Read an article the other day from New York Times, A fragile biblical text gets a virtual read about an approach to use detailed CT scans combined with X-rays to read text on a codex (double sided, hand bound book) that’s been mashed together for ~1500 years.
How to read a codex
Dr. Seales created the technology and has used it successfully to read a small charred chunk of material that was a copy of the earliest known version of the Masoretic text, the authoritative Hebrew bible.
However, that only had text on one side. A codex is double sided and being able to distinguish between which side of a piece of papyrus or parchment was yet another level of granularity.
The approach uses X-ray scanning to triangulate where sides of the codex pages are with respect to the material and then uses detailed CT scans to read the ink of the letters of the text in space. Together, the two techniques can read letters and place them on sides of a codex.
Apparently the key to the technique was in creating software could model the surfaces of a codex or other contorted pieces of papyrus/parchment and combining that with the X-ray scans to determine where in space the sides of the papyrus/parchment resided. Then when the CT scans revealed letters in planar scans (space), they could be properly placed on sides of the codex and in sequence to be literally read.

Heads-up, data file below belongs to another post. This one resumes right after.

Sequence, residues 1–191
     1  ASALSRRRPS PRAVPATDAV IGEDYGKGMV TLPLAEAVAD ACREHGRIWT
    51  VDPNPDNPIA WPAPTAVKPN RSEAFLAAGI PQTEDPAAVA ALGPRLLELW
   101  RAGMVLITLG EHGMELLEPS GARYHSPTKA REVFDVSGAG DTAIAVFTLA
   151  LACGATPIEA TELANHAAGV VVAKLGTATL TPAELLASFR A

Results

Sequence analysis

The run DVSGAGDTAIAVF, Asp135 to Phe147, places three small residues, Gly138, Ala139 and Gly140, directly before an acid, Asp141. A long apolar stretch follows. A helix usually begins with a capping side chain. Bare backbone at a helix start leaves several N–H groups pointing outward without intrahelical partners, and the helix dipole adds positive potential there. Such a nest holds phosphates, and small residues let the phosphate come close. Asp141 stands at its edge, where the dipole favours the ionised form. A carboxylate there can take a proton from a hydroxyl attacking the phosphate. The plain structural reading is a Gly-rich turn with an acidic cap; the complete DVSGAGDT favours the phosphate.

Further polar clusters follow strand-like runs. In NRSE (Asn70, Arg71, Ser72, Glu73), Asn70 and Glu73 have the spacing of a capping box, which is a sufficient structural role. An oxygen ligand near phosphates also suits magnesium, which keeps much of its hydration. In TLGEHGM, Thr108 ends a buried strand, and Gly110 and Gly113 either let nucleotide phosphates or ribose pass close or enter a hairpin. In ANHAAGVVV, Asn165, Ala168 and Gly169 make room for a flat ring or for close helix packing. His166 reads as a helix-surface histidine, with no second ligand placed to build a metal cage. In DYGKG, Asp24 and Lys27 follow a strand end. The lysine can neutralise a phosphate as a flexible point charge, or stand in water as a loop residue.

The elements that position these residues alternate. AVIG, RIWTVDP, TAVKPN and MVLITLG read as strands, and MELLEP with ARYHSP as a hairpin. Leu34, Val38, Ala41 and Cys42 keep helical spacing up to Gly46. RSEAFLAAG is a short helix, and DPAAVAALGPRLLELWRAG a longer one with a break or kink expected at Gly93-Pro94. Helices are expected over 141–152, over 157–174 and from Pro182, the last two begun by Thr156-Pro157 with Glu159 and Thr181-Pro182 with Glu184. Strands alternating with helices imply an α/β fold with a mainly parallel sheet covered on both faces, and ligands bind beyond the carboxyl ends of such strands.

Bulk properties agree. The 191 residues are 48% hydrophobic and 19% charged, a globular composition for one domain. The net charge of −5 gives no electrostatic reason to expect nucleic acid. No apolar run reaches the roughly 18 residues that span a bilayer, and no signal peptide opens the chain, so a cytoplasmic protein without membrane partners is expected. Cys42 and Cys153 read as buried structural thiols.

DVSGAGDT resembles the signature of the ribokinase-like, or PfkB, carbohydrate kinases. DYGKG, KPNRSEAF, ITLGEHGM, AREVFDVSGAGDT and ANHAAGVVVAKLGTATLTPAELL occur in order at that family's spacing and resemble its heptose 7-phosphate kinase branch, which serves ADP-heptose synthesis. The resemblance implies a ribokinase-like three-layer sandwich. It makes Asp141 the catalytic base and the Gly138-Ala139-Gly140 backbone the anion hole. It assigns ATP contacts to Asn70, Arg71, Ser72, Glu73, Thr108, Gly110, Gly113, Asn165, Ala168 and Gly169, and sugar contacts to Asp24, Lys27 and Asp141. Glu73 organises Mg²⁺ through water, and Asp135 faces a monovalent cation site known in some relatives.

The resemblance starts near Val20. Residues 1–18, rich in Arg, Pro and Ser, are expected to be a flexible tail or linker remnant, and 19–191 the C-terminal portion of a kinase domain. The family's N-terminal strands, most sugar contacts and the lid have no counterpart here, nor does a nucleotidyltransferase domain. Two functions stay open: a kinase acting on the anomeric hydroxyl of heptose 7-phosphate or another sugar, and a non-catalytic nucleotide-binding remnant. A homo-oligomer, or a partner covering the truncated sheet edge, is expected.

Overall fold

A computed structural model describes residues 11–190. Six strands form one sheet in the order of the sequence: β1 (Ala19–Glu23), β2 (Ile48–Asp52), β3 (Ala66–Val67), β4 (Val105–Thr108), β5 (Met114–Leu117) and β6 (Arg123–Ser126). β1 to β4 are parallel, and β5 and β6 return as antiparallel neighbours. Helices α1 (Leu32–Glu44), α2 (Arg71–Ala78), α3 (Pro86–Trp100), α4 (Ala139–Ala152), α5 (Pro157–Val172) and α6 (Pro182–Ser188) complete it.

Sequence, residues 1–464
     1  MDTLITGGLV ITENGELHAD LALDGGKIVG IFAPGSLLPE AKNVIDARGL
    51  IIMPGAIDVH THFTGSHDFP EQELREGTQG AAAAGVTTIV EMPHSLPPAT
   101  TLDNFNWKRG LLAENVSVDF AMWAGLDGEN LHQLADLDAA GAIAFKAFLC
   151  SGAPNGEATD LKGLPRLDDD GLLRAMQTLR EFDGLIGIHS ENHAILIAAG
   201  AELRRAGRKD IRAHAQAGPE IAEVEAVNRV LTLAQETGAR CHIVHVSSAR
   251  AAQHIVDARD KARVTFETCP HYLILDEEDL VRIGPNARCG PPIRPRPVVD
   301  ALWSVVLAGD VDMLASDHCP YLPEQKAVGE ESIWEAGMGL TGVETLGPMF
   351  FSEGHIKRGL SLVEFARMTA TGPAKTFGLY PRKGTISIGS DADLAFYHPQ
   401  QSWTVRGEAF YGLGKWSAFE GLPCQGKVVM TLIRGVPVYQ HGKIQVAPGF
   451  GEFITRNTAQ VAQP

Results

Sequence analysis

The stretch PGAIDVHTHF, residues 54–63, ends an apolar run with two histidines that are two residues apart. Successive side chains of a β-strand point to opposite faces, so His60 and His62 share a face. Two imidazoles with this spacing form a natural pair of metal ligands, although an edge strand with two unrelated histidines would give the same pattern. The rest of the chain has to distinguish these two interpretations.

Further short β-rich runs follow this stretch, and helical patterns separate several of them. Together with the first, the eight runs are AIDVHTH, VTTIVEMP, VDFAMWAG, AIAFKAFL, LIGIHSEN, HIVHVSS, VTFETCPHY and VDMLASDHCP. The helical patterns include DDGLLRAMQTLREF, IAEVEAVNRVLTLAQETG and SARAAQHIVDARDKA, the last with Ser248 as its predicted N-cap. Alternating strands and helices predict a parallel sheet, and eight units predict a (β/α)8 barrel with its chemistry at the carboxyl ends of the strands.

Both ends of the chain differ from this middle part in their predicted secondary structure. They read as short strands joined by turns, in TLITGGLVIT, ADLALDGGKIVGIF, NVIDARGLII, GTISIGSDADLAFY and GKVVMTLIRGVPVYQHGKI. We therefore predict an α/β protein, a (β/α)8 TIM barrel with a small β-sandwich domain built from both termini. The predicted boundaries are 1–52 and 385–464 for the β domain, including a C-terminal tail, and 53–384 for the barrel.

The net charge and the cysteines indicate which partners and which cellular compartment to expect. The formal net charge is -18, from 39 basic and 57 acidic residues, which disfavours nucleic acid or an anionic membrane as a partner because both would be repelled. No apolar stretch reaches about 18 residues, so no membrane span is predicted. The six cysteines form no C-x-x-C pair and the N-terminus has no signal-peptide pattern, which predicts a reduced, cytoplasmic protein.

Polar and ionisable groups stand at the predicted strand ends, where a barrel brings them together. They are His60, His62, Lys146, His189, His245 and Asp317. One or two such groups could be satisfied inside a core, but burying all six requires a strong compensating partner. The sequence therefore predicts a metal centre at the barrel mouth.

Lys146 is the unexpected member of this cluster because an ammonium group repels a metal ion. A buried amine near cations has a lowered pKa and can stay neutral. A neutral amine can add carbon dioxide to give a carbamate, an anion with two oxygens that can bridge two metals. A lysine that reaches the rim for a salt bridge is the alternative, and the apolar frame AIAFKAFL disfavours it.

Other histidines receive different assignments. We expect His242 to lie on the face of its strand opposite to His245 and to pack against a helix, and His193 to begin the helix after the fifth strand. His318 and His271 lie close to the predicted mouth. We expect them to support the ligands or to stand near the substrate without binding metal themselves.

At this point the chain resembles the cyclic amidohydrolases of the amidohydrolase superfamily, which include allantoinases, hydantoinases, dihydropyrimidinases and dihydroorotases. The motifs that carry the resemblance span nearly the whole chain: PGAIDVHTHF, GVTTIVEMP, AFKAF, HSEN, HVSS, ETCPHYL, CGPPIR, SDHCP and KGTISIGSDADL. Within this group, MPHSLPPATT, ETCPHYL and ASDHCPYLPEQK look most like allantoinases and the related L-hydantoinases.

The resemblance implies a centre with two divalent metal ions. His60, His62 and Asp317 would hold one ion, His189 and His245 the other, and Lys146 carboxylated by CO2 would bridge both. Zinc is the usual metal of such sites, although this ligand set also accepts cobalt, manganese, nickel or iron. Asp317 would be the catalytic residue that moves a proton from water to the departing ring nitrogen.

M.910, an unreadable codex
In the article, Dr. Seales and team were testing the technique on a codex written sometime between 400 and 600AD that contained the Acts of the Apostles and one of the books of the New Testament and possibly another book.
The pages had been merged together by a cinder that burned through much of the book. Most famous codexes are named but this one was only known as M.910 for the 910th acquisition of the Morgan Library.
M.910 was so fragile that it couldn’t be moved from the library. So the team had to use a portable CT scanner and X-ray machine to scan the codex.
The scans for M.910 were completed this past December and the team should start producing (Coptic) readable pages later this month.
A palimpsests is a manuscript on which the original writing has been obscured or erased. Another article from UCLA Library News, Lost ancient texts recovered and published online, that talks about the use of multi-wave length spectral imaging to reveal text and figures that have been erased or obscured from Sinai Palimpsests. The texts can be read at Sinaipalimpsests.org and total 6800 pages in 10 languages.
In this case the text had been deliberately erased or obscured to reuse parchment or papyrus. The writings are from the 5th to 12th centuries. The texts were located in St. Catherine’s Monastary and access to it’s collection of ancient and medieval manuscripts is considered 2nd only to that in the Vatican Library.
There are many damaged codexes scurried away in libraries throughout the world today but up until now they were mere curiosities. If successful, this new technique will enable scholars to read their text, translate them and make them available for researchers and the rest of the world to read and understand.
Now if someone could just read my WordPerfect files from 1990’s and SCRIPT/VS files from 1980’s I’d be happy.
Picture credit(s): From NY Times article by Nicole Craine